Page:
Any problems that may be encountered by prospective energy exchange company shareholders will be indentified and resolved by the June 15 date, according to the overall procedure’s schedule.

Any interested parties with issues will be excluded and the energy exchange company will be established with all legitimate candidates on board.

A combination of market operators and private-sector enterprises, numbering six in total, are expected to make up the energy exchange’s shareholder line-up. LAGIE (22%); IPTO, the power grid operator (20%); and DESFA, the natural gas grid operator (7%); are expected to be joined by three private-sector companies, the Athens Stock Market (21%); EBRD (21%); and the Cyprus Stock Exchange (10%).

The private sector companies will need to control at least 51 percent of the new energy exchange company as a means of ensuring it steers clear of various bailout-related staff and flexibility restrictions imposed on public-sector enterprises.

All the aforementioned prospective shareholders will most likely be ready to sign the energy exchange’s founding act on June 18. If not, the company will be established with all legitimate contenders. The private sector’s overall majority stake will be maintained in this case, too.

Then, within a three-month period following its establishment, the Energy Exchange will need to be certified by RAE, the Regulatory Authority for Energy, as a market operator for the transition period leading to the implementation of the target model.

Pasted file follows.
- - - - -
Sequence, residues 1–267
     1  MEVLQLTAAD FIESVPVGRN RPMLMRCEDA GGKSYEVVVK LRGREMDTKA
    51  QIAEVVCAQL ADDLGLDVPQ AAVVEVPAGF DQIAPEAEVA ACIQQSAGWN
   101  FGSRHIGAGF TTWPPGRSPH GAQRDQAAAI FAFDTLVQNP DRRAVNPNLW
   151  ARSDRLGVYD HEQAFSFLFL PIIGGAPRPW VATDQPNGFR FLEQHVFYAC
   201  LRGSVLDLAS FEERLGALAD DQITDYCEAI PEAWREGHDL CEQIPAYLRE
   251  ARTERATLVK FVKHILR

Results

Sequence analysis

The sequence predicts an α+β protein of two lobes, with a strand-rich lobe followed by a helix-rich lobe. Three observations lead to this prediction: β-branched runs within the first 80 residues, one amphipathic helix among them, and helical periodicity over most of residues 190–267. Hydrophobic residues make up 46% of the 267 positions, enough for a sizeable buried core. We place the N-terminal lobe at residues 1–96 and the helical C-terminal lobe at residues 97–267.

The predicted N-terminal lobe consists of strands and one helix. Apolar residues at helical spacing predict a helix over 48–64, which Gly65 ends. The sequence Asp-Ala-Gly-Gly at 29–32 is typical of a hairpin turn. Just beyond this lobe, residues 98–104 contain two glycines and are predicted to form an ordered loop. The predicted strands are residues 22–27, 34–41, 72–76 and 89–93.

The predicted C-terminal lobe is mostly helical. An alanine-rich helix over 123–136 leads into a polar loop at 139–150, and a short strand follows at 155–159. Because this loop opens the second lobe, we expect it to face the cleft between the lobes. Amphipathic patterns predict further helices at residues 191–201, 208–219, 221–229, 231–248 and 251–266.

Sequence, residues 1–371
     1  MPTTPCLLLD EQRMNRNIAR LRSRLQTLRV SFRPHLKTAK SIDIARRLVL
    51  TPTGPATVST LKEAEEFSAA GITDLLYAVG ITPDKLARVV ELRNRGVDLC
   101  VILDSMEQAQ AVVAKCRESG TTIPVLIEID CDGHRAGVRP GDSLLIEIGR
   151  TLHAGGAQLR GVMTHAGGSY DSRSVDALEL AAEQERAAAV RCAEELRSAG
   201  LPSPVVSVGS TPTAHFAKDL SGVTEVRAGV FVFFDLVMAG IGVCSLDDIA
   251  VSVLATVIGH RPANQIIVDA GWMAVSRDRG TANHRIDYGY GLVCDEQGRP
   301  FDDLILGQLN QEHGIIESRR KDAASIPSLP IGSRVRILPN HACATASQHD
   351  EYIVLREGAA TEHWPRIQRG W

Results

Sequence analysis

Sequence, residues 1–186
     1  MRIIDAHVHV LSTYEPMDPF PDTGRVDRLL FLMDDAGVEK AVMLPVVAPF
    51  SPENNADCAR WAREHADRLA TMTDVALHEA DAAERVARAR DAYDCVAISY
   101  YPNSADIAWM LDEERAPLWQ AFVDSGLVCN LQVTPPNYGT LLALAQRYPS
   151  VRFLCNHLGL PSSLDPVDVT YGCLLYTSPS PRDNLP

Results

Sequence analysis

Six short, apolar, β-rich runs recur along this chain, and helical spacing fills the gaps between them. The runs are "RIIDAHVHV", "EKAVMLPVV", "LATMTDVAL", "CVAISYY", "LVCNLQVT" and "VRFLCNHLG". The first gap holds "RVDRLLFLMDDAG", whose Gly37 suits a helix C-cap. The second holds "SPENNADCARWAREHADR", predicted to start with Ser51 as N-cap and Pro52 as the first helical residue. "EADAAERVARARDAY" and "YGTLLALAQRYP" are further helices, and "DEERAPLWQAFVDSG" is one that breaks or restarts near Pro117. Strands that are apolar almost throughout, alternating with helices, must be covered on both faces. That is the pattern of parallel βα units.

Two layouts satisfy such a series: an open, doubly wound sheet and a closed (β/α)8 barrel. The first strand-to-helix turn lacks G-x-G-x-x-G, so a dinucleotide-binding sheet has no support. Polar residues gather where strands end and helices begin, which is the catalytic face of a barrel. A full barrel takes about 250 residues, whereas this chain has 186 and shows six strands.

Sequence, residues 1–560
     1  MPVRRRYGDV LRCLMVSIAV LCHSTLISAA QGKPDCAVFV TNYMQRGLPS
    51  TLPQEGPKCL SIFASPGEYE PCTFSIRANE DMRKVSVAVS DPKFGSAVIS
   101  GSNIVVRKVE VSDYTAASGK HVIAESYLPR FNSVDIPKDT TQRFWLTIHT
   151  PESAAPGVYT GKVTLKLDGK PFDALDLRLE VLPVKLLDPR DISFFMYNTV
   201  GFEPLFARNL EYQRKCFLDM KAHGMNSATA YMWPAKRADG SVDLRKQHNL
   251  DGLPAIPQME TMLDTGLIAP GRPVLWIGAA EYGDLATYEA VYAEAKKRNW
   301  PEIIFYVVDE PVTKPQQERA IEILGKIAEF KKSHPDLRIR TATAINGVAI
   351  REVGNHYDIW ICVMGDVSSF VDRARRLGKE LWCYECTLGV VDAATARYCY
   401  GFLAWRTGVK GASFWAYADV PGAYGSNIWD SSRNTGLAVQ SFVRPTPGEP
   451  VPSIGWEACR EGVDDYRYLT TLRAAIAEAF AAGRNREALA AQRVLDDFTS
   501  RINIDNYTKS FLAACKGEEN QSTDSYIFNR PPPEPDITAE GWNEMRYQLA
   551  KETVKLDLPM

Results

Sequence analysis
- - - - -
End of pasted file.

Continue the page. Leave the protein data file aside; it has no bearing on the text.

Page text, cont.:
The target model envisions market coupling, or harmonization of EU wholesale markets.


Energy exchange equity line-up issues delaying preparations

Problems encountered by candidate shareholders of Greece’s prospective energy exchange in their efforts to legalize their participation in the venture are causing set-up delays, energypress sources have informed.

LAGIE, the Electricity Market Operator, has been given a 15-day extension to submit a Greek energy exchange investment plan to RAE, the Regulatory Authority for Energy, by the end of the month.

The operator will then need to stage a general meeting to endorse the new exchange. Its founding act needs to be ready within May, according to a bailout term faced by Greece.

LAGIE envisions an energy exchange shareholder line-up of the power and gas grid operators, IPTO and DEFSA, respectively, itself, as well as private-sector institutions, namely the Cyprus stock exchange, the EBRD, and the Athens Stock Exchange, the venture’s main shareholder.